Chubby teens less likely to commit suicide later

Men who were overweight in their late teens are less likely to commit suicide later in life than thin men, according to a study of army recruits over 30 years published in Sweden on Thursday.

The outcome contrasts with studies for women, who are believed to be more depressed if they are overweight.

“There are many reasons for suicide, but the fact that overweight men are less at risk supports the assumption that there are biological reasons,” researcher Finn Rasmussen at Stockholm’s Karolinska Institute told Swedish radio.

There are many medical problems connected to being overweight, such as high blood pressure, diabetes and clogged arteries, but for men depression is not one of them, Rasmussen said.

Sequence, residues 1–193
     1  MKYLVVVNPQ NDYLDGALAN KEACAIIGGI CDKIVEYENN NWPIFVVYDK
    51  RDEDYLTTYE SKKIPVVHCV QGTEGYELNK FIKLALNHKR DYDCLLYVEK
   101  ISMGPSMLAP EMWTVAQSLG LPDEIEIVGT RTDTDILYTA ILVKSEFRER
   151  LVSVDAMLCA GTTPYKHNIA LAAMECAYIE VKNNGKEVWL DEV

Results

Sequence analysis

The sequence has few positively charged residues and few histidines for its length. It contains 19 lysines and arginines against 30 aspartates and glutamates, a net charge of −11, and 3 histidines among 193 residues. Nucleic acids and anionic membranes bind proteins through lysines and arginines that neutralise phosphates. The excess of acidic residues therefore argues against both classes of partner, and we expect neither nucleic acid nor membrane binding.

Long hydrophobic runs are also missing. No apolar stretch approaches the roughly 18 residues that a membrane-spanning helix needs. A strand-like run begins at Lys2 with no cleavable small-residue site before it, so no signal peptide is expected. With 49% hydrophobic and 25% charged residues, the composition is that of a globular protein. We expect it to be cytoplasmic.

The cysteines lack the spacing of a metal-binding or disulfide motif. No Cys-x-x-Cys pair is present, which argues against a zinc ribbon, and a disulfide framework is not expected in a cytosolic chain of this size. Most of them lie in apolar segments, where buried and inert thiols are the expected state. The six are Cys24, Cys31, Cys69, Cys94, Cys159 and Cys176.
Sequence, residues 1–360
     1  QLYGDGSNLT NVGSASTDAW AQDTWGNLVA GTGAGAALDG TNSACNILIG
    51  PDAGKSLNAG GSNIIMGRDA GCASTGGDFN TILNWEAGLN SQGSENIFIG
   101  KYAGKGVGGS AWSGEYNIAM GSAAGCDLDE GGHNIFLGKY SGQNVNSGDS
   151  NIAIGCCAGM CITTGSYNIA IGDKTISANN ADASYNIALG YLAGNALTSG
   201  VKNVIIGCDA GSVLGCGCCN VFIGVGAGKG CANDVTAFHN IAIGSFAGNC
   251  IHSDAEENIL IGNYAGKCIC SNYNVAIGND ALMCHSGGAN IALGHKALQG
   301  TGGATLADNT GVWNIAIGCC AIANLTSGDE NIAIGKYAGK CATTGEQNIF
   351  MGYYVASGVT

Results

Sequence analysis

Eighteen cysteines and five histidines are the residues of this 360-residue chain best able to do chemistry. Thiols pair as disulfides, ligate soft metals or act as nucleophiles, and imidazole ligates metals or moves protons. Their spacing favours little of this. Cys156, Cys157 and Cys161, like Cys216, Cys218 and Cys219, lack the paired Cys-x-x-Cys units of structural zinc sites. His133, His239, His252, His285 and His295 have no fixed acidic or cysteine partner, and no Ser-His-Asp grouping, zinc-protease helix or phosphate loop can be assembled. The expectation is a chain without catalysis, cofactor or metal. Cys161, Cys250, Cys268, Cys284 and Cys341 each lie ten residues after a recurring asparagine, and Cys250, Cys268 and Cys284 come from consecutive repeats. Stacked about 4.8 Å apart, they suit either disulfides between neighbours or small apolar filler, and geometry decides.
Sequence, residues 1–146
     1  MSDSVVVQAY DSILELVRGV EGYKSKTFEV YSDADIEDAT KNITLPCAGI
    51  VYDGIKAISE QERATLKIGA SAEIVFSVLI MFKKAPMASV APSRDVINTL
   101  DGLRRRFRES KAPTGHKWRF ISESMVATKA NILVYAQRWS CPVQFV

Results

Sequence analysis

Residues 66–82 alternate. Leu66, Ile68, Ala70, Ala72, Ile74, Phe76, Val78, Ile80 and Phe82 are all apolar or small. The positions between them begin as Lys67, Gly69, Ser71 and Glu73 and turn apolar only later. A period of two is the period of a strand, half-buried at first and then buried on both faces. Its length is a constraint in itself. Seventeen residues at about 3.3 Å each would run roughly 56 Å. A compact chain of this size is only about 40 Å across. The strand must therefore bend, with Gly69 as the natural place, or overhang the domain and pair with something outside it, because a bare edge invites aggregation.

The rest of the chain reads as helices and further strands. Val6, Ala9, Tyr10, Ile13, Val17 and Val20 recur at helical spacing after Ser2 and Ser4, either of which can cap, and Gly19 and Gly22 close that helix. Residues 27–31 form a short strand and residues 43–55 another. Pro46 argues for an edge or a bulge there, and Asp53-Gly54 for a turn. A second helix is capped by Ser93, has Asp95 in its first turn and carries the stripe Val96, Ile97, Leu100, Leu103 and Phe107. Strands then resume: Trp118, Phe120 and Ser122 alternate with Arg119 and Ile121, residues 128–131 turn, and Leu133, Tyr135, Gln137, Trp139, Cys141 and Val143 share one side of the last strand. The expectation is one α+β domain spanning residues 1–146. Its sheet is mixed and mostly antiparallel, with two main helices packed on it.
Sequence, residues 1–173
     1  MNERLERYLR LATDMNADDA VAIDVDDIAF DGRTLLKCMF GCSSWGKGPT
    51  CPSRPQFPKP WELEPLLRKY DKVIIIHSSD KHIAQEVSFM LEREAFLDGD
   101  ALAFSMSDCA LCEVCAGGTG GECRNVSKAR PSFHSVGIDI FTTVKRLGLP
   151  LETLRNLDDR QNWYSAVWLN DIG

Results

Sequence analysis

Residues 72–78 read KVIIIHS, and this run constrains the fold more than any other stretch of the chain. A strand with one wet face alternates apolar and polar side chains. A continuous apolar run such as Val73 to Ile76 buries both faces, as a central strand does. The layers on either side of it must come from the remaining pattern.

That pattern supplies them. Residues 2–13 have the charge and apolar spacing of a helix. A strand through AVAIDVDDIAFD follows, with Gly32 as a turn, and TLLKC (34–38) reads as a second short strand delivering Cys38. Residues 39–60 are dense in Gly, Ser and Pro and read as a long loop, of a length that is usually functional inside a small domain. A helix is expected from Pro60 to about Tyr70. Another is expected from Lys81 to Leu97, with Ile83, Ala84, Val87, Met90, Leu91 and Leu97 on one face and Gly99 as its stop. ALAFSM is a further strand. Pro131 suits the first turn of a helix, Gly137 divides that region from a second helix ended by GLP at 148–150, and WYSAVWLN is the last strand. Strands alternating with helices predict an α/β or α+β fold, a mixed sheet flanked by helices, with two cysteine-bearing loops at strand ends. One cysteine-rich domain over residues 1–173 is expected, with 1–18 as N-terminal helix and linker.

He admitted that researchers had no conclusive explanation for the link between the body mass index (BMI) and a lower risk of suicide.

“But we believe that, despite the social discrimination suffered by fat men, there is an underlying biological mechanism that protects them,” he said.

Still Rasmussen warned against fattening up as a remedy against depression “because of the many negative side effects of being overweight”.

The research is based on medical tests conducted on all Swedish men drafted into the military between 1968 and 1999, a total of 1.3 million, who were examined when they were 18 or 19 years old.

Just over 3,000 committed suicide later in life.

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